In the long run: Four tips to boost the benefits of going long

The long distance run is a key component in a triathlete's quest for success
While training methods in endurance athletics have steadily evolved, one constant in a triathlete's preparation has been the long run. Whether designed for training effect or as recovery from a tough race, the long run offers rich rewards to those with the motivation and stamina to see its challenges through.

A long distance run may serve many purposes: it can be a rhythmic meditation for those seeking release from the stress of daily living or a rigorous means to challenge the aerobic energy system. Whatever its purpose, few would dispute that the long distance run is a key component in a triathlete's quest for success. Here are four ways to ensure that you maximize the benefits of this training tool.

Set your goals

Goal setting is a proven means of motivating athletes to ever-higher standards of performance. If your purpose is simply to have fun on this run, then you should consider setting a goal of finding an easy, relaxed rhythm. Make the course up as you go along; don't focus on the effort, but just enjoy the surroundings and the sense of freedom that running can bring.

The desire for a specific training effect from this workout will likely solicit a more structured approach. Perhaps you want to practice accelerating for sustained periods with the purpose of breaking away from a rival. Maybe you want to enhance your mental toughness.

You might consider incorporating affirmations (statements that help mentally reinforce certain qualities of your running) to help you through your run. I have used phrases such as: "Push to hurt, then hold," and "Strength in every step," when working through the challenges of a hard run over 15 to 20 miles. I knew that if I could sustain such effort and mental discipline for long distances, race situations would pale in comparison.

Choose your focus

Is this workout going to build you up or is it likely to break you down? If it is a recovery run, then you are acknowledging that either mental or physical fatigue (or both) is within your system. Make sure that you are not stressing your body any further; sometimes these runs can finish us off, so err on the side of caution. Finish the run feeling that you could have done a lot more and thinking that it was both purposeful and re-invigorating.

If the purpose of the run is to enhance your fitness and strength, then in your preparation you should consider what challenges to incorporate throughout the run. Are you going to charge up the hills or run on tough surfaces for strength (i.e. soft sand, pebble beaches, dusty trails)? Will you work to hold a strong pace throughout or surge over varying distances?

Plan your pace

Correct pacing is one of the keys to success in endurance sports. Hitting the right pace, one that is sustainable and flexible enough to cover the varying tactical circumstances of a triathlon, can be practiced in a long run by building in race-pace efforts, particularly toward the end of a workout.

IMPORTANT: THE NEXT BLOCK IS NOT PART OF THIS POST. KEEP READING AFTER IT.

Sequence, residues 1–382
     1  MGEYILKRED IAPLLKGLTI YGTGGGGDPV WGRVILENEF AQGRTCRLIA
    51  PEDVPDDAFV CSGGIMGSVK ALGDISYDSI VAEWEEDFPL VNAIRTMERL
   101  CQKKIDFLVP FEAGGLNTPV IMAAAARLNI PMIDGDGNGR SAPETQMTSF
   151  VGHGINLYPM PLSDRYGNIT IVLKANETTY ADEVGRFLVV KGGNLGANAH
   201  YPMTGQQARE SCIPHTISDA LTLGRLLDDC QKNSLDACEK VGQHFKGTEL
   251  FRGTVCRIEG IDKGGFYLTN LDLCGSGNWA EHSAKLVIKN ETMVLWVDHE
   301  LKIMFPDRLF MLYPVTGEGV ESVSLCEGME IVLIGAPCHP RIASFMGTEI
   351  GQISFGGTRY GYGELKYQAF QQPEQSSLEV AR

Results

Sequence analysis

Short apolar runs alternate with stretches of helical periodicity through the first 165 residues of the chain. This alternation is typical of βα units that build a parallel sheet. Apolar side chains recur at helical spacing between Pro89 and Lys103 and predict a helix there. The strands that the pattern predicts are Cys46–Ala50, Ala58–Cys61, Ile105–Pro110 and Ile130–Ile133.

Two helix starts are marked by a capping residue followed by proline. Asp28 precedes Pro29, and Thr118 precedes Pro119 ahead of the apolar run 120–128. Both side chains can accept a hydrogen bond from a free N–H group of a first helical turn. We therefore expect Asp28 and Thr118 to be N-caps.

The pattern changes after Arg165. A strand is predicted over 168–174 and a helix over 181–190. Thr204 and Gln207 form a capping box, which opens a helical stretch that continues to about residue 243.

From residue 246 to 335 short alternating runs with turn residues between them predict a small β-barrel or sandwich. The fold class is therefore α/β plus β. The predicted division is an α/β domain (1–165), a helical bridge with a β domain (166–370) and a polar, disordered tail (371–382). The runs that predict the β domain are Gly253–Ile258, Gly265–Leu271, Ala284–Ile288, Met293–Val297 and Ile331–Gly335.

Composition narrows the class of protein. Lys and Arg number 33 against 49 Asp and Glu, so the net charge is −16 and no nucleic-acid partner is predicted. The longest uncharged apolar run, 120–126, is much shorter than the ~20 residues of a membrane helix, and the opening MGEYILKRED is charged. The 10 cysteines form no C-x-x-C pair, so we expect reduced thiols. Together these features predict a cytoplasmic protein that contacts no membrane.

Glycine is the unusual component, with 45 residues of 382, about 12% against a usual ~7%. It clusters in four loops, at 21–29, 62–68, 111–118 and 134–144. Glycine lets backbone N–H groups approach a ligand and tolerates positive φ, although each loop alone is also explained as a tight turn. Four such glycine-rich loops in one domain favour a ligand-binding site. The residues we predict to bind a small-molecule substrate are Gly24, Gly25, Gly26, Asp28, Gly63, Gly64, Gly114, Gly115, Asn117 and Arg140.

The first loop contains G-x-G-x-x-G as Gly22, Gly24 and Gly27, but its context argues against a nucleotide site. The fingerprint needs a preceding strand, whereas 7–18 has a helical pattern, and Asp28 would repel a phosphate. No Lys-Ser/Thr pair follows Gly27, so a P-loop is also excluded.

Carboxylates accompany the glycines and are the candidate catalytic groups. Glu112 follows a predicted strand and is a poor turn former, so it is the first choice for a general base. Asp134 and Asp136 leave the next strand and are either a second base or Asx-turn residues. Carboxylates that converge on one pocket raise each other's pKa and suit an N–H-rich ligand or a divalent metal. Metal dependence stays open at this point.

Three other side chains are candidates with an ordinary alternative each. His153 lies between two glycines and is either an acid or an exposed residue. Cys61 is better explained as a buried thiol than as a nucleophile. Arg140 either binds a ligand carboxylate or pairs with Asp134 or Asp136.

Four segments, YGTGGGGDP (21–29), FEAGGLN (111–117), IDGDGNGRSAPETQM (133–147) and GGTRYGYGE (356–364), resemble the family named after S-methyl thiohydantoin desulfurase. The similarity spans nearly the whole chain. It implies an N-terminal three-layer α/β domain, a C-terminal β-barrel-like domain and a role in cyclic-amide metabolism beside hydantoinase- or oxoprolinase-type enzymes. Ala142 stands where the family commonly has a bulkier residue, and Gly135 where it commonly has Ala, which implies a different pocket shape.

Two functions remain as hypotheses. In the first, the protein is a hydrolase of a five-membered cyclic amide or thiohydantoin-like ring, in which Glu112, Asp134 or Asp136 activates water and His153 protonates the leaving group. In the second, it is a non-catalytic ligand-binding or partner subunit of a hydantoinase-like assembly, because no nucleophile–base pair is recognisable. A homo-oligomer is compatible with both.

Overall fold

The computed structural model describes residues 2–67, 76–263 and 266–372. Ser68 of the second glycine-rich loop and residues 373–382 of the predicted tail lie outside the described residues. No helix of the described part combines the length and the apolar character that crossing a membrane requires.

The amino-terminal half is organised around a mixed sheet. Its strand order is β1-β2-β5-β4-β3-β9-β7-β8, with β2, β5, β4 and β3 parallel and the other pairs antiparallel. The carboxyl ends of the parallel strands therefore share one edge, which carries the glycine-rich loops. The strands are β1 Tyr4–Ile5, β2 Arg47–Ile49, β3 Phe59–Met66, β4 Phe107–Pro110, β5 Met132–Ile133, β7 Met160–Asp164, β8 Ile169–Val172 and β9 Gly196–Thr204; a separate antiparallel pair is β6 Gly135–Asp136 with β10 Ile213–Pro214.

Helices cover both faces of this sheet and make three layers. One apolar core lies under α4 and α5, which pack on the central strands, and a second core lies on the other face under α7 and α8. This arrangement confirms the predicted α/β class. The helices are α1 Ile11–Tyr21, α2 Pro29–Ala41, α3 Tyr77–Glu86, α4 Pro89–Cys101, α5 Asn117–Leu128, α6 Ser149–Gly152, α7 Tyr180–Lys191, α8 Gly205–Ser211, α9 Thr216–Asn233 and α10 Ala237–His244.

Monitoring your pace requires an explicit acknowledgement of the feedback your body is giving you in relation to the effort you are expending. Be aware of some of the distractions that can unhinge your sense of pace judgment:

  • Working out frustrations on a long run has its psychological benefits but carries the risk of poor pace distribution.
  • Getting angry -- with its accompanying adrenaline surges -- or being distracted can cause the athlete to lose focus.
  • Poor self discipline, especially with pace judgment, can ruin the best-laid plans. For example, this can occur when an athlete responds to changing race tactics with an exuberant but unsustainable burst of energy. Be responsive to what occurs around you, but don't allow a training partner or race-day rival to dictate your pace. Instead, exercise self-discipline and race smart.
  • Master the basics

    Watch out for skin chafing. The combination of sweat and friction can produce distracting skin soreness; however, this is easily avoided by spreading Vaseline on suspect areas.

    Plan for your fluid intake. I knew one triathlete who would drive along his long-run route the day before, stashing fluid and nutrition in strategic locations along the way. You needn't be quite so diligent, but be sure to plan how you will meet your nutritional needs, either by carrying what you need or following a looped course that winds you past your food and fluids several times.

    Re-fuel quickly. Nutritional research suggests that muscle glycogen can be replenished at a faster rate if the athlete eats some carbohydrate within 30 minutes of the run rather than delaying it for several hours.

    Soft vs. hard. The choice of running surface should depend upon the purpose of the run. I tend to go with a soft surface for recovery, hard surfaces for performance; ultimately, however, the only rule is that of personal choice.


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